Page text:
US Court Investigates Apple Samsung Patent Trial ‘Bias’ Claims

Steve McCaskill is editor of TechWeekEurope and ChannelBiz. He joined
as a reporter in 2011 and covers all areas of IT, with a particular interest in telecommunications, mobile and networking, along with sports technology.

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Patent lawsuit rumbles on as Samsung claims jury foreman was dishonest

A US federal court has said that it will investigate claims that a member of the jury that awarded Apple £664 million in damages over Samsung’s alleged patent infringement was biased.

Samsung has called for the decision to be dismissed as jury foreman Velvin Hogan did not disclose that he filed for bankruptcy in 1993 and had been sued by his former employer Seagate Technology, with which Samsung has a “substantial strategic relationship.

Hogan has denied the claims, stating that he was only required to disclose litigation during the past ten years and said that he answered all questions honestly.

Apple Samsung patent trial goes on

Hogan told Bloomberg that Samsung had every opportunity to question him and that he is surprised that the company didn’t know about the litigation, given that the husband of the partner of the law firm representing the Korean manufacturer filed the complaint on Seagate’s behalf.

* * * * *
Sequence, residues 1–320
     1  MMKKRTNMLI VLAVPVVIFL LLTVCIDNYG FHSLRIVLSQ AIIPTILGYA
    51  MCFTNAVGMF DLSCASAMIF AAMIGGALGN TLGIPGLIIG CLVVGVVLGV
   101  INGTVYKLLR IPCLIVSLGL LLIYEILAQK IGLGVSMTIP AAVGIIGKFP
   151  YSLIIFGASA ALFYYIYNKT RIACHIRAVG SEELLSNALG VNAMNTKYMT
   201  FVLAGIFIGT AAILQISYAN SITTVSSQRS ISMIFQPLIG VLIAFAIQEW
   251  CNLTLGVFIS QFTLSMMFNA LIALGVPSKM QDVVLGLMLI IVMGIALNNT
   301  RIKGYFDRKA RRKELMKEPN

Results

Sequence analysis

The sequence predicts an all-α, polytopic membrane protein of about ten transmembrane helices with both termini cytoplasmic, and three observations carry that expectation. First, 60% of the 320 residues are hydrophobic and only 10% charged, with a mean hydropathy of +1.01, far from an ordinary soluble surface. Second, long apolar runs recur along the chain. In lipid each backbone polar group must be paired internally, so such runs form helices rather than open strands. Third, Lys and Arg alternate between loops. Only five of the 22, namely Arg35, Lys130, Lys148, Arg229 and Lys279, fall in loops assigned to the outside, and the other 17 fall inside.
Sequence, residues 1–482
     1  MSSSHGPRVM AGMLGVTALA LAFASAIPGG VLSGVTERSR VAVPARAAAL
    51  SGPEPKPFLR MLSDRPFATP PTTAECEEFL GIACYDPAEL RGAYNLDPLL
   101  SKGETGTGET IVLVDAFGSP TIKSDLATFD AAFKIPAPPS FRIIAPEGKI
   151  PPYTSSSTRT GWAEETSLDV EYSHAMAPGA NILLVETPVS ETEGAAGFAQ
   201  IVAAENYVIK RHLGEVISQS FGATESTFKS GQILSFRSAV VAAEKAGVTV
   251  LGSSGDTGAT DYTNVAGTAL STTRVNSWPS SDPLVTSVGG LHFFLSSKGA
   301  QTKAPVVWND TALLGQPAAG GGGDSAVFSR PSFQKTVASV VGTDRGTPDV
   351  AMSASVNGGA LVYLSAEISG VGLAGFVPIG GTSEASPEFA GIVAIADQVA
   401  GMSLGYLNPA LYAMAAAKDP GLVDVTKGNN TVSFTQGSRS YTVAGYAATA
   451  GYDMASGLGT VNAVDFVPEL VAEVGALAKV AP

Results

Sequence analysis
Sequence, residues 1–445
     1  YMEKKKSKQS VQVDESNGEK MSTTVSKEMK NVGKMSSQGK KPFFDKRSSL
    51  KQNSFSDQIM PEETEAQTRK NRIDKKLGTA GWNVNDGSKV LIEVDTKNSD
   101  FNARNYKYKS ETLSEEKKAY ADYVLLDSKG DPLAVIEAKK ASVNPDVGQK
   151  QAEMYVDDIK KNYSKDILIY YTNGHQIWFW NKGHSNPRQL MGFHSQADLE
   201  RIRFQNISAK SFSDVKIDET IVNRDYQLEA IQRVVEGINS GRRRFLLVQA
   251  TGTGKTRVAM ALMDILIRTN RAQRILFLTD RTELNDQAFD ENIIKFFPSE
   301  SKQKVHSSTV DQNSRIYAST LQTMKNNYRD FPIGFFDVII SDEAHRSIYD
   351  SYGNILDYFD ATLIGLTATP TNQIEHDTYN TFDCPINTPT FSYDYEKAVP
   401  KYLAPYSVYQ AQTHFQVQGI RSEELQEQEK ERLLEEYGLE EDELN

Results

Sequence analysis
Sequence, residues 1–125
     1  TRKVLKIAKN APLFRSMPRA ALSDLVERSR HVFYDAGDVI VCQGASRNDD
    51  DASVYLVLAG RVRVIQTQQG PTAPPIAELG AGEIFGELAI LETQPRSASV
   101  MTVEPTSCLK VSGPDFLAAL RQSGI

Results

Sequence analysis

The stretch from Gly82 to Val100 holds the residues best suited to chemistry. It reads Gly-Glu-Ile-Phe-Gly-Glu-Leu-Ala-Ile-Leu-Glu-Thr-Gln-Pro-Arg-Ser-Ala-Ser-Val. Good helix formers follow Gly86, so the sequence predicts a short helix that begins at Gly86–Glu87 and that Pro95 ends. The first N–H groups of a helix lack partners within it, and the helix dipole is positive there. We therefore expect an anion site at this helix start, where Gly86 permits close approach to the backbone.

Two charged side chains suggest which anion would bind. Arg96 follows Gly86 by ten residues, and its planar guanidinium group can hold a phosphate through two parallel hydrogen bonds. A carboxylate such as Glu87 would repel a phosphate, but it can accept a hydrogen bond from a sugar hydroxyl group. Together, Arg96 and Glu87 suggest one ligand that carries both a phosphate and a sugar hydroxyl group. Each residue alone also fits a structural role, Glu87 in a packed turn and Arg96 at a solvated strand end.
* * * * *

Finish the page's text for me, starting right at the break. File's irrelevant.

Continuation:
The lawsuit relates to a claim that Hogan breached a contract over a loan Seagate says it made to Hogan for $25,000.

Hogan added that he wondered whether Samsung “let me in the jury just to have an excuse for a new trial if it didn’t go in their favour,” although the company says it had no idea of Hogan’s history until after the verdict.

It has been noted that if Hogan is found to have answered honestly, then Samsung will have a very difficult task of proving misconduct.

The £664 million awarded to Apple was less than the £1.6 billion it was demanding, but still represents a significant blow to Samsung. Apple has since asked the court in San Jose, California to award it with an additional $707 million (£436m), to compensate for “damage to the iPhone’s distinctive product identity” done by Samsung.

Apple has also asked for a number of Samsung products to be banned in the US, although it will have to wait until December to find out if this will happen.

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